Nguni cattle are known to be more resistant to ticks than Bonsmara cattle, even if the immunological mechanisms responsible for this phenomenon are not fully understood. Cutaneous hypersensitivity responses to unfed larval extracts (ULE) of the ticks Rhipicephalus decoloratus and Rhipicephalus microplus were investigated in Nguni and Bonsmara cattle to improve knowledge on the immunity to ticks. Hypersensitivity reactions were induced by intradermal inoculation of 0.1ml of ULE of R. decoloratus and R. microplus ticks (50μg protein) in the right and left ear, respectively, of 8-9-month-old Nguni (n=11) and Bonsmara (n=9) heifers. Ear thickness was measured using callipers before and 0.5, 1, 6, 24, 48, and 72h post inoculation (PI). Bonsmara cattle showed a more intense immediate reaction with maximum response at 1h PI and no delayed hypersensitivity reaction. Nguni heifers, conversely, presented a less intense immediate reaction with maximum response at 1h PI, and a delayed hypersensitivity reaction at 72h PI. Reactions to R. decoloratus ULE produced a more intense skin response than to R. microplus in both breeds at all time intervals. Nguni cattle showed lower tick infestation indicating higher tick resistance than Bonsmara cattle. Delayed hypersensitivity reaction could be associated with superior tick resistance in the Nguni breed, while immediate hypersensitivity reaction could be associated with increased tick susceptibility in the Bonsmara breed. This study indicates the need for further investigations on the correlation of tick resistance and cellular immune responses to tick infestation in Nguni cattle. Copyright © 2013 Elsevier GmbH. All rights reserved.

  14. Visceral hypersensitive rats share common dysbiosis features with irritable bowel syndrome patients.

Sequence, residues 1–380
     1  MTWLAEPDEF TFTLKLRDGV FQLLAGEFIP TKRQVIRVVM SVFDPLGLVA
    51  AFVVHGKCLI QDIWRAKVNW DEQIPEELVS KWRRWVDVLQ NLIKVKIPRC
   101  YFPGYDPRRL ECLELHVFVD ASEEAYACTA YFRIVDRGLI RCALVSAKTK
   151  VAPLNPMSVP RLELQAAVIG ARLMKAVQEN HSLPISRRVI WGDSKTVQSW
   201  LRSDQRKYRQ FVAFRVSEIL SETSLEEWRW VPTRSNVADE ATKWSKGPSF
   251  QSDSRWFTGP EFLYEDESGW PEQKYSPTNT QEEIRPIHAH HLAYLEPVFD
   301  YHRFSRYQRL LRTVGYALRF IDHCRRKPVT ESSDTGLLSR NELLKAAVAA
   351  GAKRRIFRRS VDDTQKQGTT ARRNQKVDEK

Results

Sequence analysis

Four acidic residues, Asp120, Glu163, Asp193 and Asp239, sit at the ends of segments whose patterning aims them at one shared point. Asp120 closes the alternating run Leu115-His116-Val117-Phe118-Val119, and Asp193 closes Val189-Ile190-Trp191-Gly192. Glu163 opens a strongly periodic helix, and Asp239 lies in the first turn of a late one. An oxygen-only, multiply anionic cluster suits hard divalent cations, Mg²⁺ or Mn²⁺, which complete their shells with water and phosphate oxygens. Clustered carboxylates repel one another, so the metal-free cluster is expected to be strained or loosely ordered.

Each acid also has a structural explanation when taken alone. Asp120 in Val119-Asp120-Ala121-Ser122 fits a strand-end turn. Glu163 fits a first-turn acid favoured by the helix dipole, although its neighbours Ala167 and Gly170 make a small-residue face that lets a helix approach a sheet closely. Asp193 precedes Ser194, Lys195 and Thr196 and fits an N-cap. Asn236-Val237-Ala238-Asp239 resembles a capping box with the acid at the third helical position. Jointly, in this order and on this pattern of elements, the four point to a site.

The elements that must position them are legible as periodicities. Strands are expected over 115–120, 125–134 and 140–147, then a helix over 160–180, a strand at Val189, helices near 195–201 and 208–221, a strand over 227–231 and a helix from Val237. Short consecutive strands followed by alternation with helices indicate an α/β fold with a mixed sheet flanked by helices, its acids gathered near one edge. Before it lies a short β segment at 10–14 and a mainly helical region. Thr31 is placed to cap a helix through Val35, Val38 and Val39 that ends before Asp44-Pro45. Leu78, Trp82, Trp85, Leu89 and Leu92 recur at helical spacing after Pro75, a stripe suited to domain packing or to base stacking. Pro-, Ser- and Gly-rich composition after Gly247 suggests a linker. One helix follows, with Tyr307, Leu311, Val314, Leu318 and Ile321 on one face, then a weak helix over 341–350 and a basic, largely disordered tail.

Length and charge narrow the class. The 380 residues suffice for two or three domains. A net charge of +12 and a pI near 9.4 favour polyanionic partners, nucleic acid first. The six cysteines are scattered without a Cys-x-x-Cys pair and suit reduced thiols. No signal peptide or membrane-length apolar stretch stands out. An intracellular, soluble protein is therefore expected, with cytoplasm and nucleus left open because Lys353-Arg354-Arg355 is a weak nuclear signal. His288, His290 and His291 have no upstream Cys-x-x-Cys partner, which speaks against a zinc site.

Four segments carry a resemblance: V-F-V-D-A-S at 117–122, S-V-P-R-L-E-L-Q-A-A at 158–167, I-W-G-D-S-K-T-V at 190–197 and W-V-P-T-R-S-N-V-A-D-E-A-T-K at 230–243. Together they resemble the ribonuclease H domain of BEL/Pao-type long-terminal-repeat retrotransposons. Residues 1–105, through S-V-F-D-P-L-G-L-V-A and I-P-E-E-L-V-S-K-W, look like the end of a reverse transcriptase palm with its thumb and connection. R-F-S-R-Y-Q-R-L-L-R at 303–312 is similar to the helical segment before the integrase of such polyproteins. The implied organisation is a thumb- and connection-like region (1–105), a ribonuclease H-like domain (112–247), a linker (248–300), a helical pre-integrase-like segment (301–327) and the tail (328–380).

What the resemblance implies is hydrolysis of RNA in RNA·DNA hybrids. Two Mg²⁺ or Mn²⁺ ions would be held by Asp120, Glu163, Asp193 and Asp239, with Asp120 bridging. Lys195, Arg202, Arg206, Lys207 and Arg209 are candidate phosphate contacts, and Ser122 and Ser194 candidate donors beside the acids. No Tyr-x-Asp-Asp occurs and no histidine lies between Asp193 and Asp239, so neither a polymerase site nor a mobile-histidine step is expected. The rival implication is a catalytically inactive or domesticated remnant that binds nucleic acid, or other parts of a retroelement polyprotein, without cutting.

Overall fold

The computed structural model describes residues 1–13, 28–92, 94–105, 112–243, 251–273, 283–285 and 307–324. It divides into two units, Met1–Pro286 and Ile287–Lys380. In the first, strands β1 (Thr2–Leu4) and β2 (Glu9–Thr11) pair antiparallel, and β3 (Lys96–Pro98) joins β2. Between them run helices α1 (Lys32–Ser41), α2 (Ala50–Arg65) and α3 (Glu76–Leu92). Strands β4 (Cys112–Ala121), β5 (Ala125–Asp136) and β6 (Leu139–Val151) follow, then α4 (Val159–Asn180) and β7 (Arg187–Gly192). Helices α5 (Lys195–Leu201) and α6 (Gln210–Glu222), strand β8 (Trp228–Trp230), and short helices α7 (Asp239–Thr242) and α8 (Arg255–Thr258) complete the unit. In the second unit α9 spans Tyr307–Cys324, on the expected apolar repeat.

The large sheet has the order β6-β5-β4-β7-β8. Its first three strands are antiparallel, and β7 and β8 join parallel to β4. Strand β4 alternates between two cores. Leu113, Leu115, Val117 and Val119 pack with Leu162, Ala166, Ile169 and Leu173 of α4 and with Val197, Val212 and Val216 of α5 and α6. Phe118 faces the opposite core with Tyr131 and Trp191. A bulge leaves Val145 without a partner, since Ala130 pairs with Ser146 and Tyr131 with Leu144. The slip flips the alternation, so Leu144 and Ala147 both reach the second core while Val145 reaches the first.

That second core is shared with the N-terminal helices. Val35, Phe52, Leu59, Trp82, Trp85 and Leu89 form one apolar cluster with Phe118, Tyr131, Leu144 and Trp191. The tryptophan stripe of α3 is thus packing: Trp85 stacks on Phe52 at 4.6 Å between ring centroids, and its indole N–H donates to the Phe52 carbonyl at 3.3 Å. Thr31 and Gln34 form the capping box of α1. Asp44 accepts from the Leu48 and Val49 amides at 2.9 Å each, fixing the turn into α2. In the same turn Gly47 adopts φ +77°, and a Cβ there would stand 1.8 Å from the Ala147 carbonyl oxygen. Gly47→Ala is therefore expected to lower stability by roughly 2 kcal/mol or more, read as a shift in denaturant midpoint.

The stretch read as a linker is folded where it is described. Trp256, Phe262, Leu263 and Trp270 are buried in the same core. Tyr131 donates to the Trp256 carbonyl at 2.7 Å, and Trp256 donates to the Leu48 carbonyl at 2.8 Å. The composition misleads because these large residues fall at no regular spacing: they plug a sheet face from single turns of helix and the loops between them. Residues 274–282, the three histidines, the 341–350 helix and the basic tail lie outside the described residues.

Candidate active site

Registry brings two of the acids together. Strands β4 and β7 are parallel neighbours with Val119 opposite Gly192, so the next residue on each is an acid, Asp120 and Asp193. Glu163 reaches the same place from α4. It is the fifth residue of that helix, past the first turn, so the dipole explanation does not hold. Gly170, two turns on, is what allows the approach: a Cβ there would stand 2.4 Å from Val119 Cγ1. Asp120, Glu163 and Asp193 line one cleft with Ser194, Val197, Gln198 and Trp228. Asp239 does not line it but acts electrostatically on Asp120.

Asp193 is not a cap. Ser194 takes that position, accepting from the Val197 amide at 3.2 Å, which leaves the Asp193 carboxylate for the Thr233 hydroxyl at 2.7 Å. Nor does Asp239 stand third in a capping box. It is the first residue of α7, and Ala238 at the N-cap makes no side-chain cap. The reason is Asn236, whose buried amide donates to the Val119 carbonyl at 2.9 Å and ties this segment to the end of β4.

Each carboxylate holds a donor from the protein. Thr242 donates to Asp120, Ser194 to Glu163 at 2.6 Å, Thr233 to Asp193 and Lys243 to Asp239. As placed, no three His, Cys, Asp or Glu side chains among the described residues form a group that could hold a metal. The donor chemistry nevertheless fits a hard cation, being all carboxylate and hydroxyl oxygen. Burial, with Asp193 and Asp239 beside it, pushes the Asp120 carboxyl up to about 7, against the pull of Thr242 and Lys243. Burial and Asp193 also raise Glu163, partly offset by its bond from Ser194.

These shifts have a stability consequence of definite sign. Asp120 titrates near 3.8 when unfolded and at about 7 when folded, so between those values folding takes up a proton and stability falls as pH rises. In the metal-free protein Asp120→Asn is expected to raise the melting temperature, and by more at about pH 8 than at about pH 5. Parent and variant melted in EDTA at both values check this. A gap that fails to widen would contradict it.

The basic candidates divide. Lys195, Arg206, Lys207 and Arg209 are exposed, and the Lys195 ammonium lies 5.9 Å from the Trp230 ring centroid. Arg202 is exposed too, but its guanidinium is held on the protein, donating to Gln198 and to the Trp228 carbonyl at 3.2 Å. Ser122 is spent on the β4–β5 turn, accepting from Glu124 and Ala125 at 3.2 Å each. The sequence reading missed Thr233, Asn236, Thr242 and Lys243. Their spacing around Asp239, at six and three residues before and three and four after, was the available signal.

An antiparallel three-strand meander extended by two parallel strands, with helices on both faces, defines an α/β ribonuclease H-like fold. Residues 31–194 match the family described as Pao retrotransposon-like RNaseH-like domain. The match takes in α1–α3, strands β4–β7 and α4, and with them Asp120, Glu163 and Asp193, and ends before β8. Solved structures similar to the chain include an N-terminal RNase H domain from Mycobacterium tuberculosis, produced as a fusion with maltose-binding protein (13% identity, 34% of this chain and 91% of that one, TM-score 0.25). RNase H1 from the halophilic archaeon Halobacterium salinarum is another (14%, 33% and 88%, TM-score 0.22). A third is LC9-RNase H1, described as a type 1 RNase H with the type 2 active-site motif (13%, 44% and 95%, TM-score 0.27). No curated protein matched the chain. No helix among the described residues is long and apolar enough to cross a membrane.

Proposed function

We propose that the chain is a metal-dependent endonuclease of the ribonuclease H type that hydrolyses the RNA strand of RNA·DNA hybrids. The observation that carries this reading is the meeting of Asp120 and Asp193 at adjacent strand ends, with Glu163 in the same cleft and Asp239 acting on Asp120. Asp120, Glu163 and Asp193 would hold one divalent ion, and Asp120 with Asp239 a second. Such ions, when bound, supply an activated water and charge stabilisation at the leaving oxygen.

PubMed

    Zhou, Xiao-Yan; Li, Ming; Li, Xia; Long, Xin; Zuo, Xiu-Li; Hou, Xiao-Hua; Cong, Ying-Zi; Li, Yan-Qing

    2016-06-14

    To evaluate gut microbial dysbiosis in two visceral hypersensitive models in comparison with irritable bowel syndrome (IBS) patients and to explore the extent to which these models capture the dysbiosis of IBS patients. Visceral hypersensitivity was developed using the maternal separation (MS) rat model and post-inflammatory rat model. The visceral sensitivity of the model groups and control group was evaluated using the abdominal withdraw reflex score and electromyography in response to graded colorectal distention. The 16S ribosomal RNA gene from fecal samples was pyrosequenced and analyzed. The correlation between dysbiosis in the microbiota and visceral hypersensitivity was calculated. Positive findings were compared to sequencing data from a published human IBS cohort. Dysbiosis triggered by neonatal maternal separation was lasting but not static. Both MS and post-inflammatory rat fecal microbiota deviated from that of the control rats to an extent that was larger than the co-housing effect. Two short chain fatty acid producing genera, Fusobacterium and Clostridium XI, were shared by the human IBS cohort and by the maternal separation rats and post-inflammatory rats, respectively, to different extents. Fusobacterium was significantly increased in the MS group, and its abundance positively correlated with the degree of visceral hypersensitivity. Porphyromonadaceae was a protective biomarker for both the rat control group and healthy human controls. The dysbiosis MS rat model and the post-inflammatory rat model captured some of the dysbiosis features of IBS patients. Fusobacterium, Clostridium XI and Porphyromonadaceae were identified as targets for future mechanistic research.

  15. Cold hypersensitivity 6 to 10 years after replantation or revascularisation of fingers: consequences for work and leisure activities.

    PubMed

    Vaksvik, T; Hetland, K; Røkkum, M; Holm, I

    2009-02-01